IT’S NOT EVERY day that you find a new crocodile species. For the first time in more than 80 years, researchers have fully described and named a new species—the Central African slender-snouted crocodile—which is found in a broad swathe of the continent from Cameroon to Tanzania.
This species has been dubbed Mecistops leptorhynchus, and characterised in a study published on October 24 in the journal Zootaxa.
The animal was, until now, considered to be the same species as its West African counterpart, Mecistops cataphractus, which will retain its original scientific name. The new designation brings the total population of the West African species down enough that it is now considered critically endangered. There are only about 500 individuals left in the wild, estimates Matt Shirley, study lead author and a researcher at Florida International University.
Central African slender-snouted crocs have softer, smoother appearance than their West African cousins, which have larger, heavier scales and rougher skin, Shirley explains. The newly-described croc also lacks the bony crests on its skull found on its counterpart.
But the main differences lie in the genes—and these differences are significant. The paper shows the animals’ genetics first diverged more than eight million years ago, as volcanos arose in and around what is now Cameroon. This volcanic activity created impassable mountains that split the range of the reptiles in two, cutting off gene flow, and the two populations haven’t exchanged genes since, says Shirley, a National Geographic Explorer.
This isolation allowed the two species to diverge, and now the base pairs that make up certain important genes differ by more than five percent, he explains.
Scientist have, of course, described other new species of crocodiles in recent years. For example, research by George Amato, at the American Museum of Natural History has shown that dwarf crocodiles are not one but three species. Shirley, Amato, and colleagues also discovered that there are actually two different species of Nile crocodiles.
But M. leptorhynchus is the first species since 1935 to go through the full formal descriptive and naming process, Shirley says. This involved sifting through scores of museum samples from around the world with assistance from colleagues at the University of Iowa and the University of Florida. Shirley himself also did intensive fieldwork in 14 African countries, and got malaria more than a dozen times in the course of the research, he says.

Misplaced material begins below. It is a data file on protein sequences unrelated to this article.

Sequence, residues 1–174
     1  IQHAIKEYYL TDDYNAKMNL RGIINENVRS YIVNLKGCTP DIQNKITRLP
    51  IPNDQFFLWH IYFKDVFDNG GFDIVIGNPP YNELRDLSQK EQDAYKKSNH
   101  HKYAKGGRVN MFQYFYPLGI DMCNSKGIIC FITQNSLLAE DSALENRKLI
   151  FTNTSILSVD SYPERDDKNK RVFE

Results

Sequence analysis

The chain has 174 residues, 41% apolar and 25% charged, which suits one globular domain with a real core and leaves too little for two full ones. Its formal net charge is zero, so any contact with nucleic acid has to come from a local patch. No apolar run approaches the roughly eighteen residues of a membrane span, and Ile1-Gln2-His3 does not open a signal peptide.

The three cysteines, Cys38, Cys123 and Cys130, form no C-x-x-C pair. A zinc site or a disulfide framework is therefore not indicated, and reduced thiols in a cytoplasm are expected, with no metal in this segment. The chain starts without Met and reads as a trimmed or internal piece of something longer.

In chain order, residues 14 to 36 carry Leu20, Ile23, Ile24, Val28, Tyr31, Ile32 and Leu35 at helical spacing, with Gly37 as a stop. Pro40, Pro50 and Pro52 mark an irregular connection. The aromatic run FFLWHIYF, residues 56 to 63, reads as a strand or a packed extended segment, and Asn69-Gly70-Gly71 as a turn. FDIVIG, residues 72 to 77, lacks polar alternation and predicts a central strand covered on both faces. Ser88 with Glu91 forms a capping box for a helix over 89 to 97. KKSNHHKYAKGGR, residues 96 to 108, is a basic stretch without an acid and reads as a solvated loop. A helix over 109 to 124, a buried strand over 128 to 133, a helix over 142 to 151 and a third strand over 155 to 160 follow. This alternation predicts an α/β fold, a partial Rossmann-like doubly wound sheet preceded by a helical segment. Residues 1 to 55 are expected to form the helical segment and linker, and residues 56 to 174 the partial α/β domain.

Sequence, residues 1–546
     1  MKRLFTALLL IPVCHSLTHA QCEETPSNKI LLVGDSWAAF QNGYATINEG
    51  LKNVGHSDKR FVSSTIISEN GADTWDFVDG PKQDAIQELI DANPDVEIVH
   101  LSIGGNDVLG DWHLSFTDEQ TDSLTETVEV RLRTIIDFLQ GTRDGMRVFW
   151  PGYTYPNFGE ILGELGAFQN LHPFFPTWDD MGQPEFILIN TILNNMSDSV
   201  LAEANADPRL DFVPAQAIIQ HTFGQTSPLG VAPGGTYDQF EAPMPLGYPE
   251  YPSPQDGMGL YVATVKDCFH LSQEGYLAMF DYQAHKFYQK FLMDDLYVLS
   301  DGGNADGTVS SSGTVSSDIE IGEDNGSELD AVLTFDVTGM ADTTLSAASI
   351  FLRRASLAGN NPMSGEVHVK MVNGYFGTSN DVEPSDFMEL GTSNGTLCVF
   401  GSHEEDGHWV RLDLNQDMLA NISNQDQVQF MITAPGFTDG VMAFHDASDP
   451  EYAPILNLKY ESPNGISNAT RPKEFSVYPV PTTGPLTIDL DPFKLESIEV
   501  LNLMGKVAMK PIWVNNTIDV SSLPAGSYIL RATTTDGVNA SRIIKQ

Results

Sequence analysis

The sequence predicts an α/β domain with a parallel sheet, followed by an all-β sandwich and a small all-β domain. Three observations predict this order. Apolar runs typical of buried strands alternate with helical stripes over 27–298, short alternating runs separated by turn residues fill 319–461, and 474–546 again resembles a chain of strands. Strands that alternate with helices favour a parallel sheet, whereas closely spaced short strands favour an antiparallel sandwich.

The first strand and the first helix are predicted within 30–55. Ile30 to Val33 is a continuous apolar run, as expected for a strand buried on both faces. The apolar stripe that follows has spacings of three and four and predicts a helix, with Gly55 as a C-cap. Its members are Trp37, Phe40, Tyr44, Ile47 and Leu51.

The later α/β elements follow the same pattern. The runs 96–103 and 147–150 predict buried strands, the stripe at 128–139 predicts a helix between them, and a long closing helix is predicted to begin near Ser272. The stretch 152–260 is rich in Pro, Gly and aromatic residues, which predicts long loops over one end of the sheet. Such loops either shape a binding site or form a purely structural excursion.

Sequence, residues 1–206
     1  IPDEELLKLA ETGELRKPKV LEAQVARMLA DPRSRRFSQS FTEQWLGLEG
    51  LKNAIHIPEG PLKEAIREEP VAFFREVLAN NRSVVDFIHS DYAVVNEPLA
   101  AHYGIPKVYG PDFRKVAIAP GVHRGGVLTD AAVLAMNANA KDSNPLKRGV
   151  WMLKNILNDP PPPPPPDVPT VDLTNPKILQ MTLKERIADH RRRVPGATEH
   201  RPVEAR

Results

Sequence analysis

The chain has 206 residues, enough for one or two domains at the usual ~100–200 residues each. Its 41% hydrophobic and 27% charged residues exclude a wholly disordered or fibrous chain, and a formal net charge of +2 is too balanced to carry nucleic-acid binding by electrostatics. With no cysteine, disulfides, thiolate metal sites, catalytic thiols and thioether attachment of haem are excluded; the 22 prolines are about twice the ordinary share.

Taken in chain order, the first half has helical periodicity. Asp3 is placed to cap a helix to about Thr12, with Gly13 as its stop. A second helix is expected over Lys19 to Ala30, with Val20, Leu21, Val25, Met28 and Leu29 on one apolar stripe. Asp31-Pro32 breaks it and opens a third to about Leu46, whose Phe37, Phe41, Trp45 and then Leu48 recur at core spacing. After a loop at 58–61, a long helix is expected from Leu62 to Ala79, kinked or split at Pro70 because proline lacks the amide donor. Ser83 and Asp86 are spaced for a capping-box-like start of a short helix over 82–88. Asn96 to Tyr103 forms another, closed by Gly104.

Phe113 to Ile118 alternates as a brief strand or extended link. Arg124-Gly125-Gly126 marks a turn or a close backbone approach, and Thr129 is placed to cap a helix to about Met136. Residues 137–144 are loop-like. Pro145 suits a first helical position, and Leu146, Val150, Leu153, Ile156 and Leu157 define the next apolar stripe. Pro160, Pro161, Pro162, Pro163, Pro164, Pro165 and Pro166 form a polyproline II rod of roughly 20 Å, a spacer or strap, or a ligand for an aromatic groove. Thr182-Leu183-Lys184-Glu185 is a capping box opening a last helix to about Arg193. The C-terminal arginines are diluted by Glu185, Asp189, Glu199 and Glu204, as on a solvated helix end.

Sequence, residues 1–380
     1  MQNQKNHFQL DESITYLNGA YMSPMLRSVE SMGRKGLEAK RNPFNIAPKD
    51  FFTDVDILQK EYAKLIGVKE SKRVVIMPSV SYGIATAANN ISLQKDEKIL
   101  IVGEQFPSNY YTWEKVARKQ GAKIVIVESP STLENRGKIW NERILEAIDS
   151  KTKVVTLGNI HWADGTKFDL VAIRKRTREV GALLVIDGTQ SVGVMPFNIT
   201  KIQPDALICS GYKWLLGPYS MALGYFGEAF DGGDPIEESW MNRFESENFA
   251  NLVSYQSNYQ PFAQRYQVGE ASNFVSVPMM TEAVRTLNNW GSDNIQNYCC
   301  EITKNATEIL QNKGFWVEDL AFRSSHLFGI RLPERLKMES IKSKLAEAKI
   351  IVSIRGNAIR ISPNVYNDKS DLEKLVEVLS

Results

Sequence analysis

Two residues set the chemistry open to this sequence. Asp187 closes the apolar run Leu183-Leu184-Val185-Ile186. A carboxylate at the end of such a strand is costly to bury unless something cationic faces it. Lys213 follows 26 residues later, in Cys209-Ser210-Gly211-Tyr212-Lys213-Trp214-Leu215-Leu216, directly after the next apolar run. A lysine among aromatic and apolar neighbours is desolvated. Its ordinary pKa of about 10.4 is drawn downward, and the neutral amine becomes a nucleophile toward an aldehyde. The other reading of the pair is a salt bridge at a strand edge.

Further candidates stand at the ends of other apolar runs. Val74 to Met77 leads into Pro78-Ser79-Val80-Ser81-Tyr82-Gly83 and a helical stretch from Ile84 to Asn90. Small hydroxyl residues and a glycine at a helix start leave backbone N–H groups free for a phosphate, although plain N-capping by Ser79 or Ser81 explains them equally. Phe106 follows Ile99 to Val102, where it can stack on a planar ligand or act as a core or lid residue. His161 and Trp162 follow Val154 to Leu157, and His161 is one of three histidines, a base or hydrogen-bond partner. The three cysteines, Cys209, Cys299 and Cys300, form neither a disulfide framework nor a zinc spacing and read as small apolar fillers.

Their job was complicated by the fact that the “type” specimen, the original museum animal used to officially identify any given species, was nowhere to be found for M. cataphractus. That’s the Nazis’ fault: It was likely destroyed when German planes bombed London’s Natural History Museum in World War II, Shirley says. So the researchers had to designate a new one. What’s more, the type specimen for M. leptorhynchus is a juvenile, which muddled the effort, since young crocs are more difficult to identify.
A curious Nile crocodile examines a remote camera in Kenya's Lake Turkana.
PHOTOGRAPH BY RANDY OLSON, NAT GEO IMAGE COLLECTION
The study is “a continuing, repeated story about under-described diversity of African crocodiles”, says Amato, the director of conservation genomics at the Sackler Institute for Comparative Genomics, who wasn’t involved in this paper.
The study should help spur conservation work for both types of crocodiles, but especially the West African species. Shirley and colleagues are collaborating with the governments of Côte d'Ivoire and Ghana as well as a number of NGOs to breed the animals in captivity and eventually release them to the wild. The largest such effort is taking place at a zoo in Côte d'Ivoire where more than 30 of the animals currently reside.
Habitat loss and poaching affect both species, although there are so few West African slender-snouted crocodiles left, they are almost impossible to find, says Shirley, who spent “months and years” of his life looking for them. In the end, he collected DNA samples from a mere 15 to 20.
The work is more urgent now than ever. “These are genuinely critically endangered”, Shirley says, “and [could] blink out at any moment”.